8 May 2020

Researchers: Mature forests cannot be relied upon to absorb our extra CO2


An international team of researchers, University of Copenhagen researchers among them, has found new evidence in Australia that mature forests have limitations when it comes to converting increasing concentrations of atmospheric CO2 into increased plant growth and CO2 storage.

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CO2 is sometimes referred to as "plant food" because of its key role in photosynthesis. With steadily increasing atmospheric CO2 levels caused by human emissions, there is plenty of evidence that plants are photosynthesizing more. In principle, this means that trees and forests have an enormous potential to capture extra CO2 from the atmosphere and help mitigate the impact of climatic changes. However, most previous studies focused on young and individual trees, with much less attention being paid to mature stands of trees.

In the first experiment of its kind conducted on local forests in the southern hemisphere, researchers from Western Sydney University and international researchers from the University of Copenhagen among others, exposed an area of 90-year-old eucalyptus trees to elevated levels of CO2.

As expected, the photosynthesis in mature trees increased. Indeed, they absorbed 12% more CO2 from the atmosphere. But after following the trees for several years, researchers were surprised to discover that there was no extra growth or additional long-term carbon storage.

"This shows that mature trees have a different carbon budget compared to younger ones, and raises the important question 'what happens to the extra carbon?'," says Assistant Professor Elizabeth Jakobsen Neilson of UCPH’s Department of Plant and Environmental Sciences.

Riikka Rinnan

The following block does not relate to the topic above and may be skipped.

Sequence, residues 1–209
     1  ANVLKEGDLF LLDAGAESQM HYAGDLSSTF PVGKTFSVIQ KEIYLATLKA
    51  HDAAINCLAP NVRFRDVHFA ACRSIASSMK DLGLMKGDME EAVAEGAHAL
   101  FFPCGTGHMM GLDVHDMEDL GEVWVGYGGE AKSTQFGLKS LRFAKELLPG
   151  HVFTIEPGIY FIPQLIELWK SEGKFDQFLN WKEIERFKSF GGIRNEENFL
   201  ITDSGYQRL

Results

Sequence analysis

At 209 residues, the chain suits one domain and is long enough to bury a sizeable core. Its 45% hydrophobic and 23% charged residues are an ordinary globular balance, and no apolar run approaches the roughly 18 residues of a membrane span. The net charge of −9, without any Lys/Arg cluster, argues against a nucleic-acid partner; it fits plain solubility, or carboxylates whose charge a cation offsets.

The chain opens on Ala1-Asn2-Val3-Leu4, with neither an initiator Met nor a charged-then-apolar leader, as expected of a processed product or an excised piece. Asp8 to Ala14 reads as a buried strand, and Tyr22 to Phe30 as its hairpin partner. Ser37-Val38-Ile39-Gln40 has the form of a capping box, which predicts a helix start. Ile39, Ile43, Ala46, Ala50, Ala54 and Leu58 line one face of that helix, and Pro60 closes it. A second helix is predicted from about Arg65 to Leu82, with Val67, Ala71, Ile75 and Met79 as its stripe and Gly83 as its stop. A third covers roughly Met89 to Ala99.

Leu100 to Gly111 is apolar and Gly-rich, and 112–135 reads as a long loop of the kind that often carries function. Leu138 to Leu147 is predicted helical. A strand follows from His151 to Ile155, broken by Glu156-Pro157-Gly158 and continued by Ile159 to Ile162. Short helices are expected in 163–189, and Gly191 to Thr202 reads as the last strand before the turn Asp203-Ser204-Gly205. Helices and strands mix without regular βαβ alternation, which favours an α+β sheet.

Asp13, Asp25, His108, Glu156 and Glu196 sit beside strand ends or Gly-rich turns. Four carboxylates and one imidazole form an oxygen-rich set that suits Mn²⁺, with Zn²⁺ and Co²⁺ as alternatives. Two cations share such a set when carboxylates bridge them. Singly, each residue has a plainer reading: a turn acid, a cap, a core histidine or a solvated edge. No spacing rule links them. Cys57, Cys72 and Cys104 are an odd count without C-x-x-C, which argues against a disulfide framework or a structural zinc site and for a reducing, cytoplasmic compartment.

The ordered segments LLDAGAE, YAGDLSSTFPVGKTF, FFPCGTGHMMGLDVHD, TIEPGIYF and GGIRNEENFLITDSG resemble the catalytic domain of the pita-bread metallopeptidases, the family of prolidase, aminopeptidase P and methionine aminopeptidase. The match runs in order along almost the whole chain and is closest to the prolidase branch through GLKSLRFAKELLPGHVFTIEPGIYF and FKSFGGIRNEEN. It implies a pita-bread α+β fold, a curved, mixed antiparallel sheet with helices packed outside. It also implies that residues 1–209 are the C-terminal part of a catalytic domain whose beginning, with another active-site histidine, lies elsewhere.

CO2 spat back into the atmosphere

After extensive measurements, which researchers from the University of Copenhagen participated in, the researchers were able to see that the extra CO2 absorbed by the trees was quickly released back into the atmosphere after a detour through the soil. About half of the CO2 came from the trees, while the other half was released by microorganisms in the soil.

"We had assumed that the trees would emit some of that extra carbon back into the atmosphere through their leaves. We found a significant increase in terpene emissions (fragrant volatile organic compounds), but this only represented a small portion of the total carbon budget. Instead, most of the additional carbon was returned back into the atmosphere via the soil," explains Elizabeth Jakobsen Neilson, who together with Professor Riikka Rinnan of the Department of Biology was responsible for the terpene emission measurements.

While the trees converted the absorbed CO2 into sugar, they were unable to use the sugar for growth because they lacked access to additional soil nutrients. Instead, they routed the sugar into the soil, where it ended up as food for a variety of microbes.

"The results have global implications, as climate models used to predict future climate changes and their impact on plants and ecosystems assume that growing forests will continue to absorb additional CO2 and thereby serve as CO2 storage. The results of this study indicate that these carbon stores are weaker or completely absent in forests that grow in nutrient poor soils," explains Professor Riikka Rinnan of the Department of Biology.

In short, increased CO2 emissions only increase CO2 storage in ecosystems where there is a preponderance of younger trees or more nutrient-rich soils.

"This is very important knowledge because we are currently relying on mature trees to absorb some of the extra CO2 that we emit. Our results indicate that we have less time to reduce greenhouse gas emissions than we thought," concludes Riikka Rinnan.

The research was published in Nature